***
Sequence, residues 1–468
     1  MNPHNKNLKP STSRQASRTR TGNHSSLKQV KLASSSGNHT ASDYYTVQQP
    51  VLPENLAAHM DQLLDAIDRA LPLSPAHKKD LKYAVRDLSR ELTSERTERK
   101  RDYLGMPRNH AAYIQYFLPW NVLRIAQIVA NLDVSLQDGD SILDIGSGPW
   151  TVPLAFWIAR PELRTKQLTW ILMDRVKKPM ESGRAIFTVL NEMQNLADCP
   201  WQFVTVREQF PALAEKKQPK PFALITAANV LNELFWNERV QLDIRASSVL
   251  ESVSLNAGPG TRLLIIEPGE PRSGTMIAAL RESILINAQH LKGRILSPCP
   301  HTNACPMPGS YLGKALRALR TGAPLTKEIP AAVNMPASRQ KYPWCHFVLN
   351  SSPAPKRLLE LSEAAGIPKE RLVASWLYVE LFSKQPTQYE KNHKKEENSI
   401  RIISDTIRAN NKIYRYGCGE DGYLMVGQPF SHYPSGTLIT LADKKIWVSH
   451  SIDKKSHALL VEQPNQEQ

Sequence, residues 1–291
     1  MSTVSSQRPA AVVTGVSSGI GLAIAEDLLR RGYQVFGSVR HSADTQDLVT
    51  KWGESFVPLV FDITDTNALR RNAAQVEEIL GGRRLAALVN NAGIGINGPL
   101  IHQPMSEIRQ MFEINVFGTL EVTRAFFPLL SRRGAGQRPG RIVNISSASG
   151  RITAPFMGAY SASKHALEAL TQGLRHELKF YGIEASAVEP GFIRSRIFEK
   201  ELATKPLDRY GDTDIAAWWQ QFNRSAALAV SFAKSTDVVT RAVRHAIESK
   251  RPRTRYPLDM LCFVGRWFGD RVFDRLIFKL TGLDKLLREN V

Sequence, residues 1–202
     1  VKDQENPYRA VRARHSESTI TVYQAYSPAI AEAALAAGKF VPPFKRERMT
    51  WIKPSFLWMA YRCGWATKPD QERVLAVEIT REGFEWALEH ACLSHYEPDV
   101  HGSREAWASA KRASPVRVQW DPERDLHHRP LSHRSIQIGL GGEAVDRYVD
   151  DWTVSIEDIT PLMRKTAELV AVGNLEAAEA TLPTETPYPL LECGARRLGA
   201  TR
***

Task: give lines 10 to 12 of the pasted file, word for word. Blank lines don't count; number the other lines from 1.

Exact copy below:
   401  RIISDTIRAN NKIYRYGCGE DGYLMVGQPF SHYPSGTLIT LADKKIWVSH
   451  SIDKKSHALL VEQPNQEQ

Sequence, residues 1–291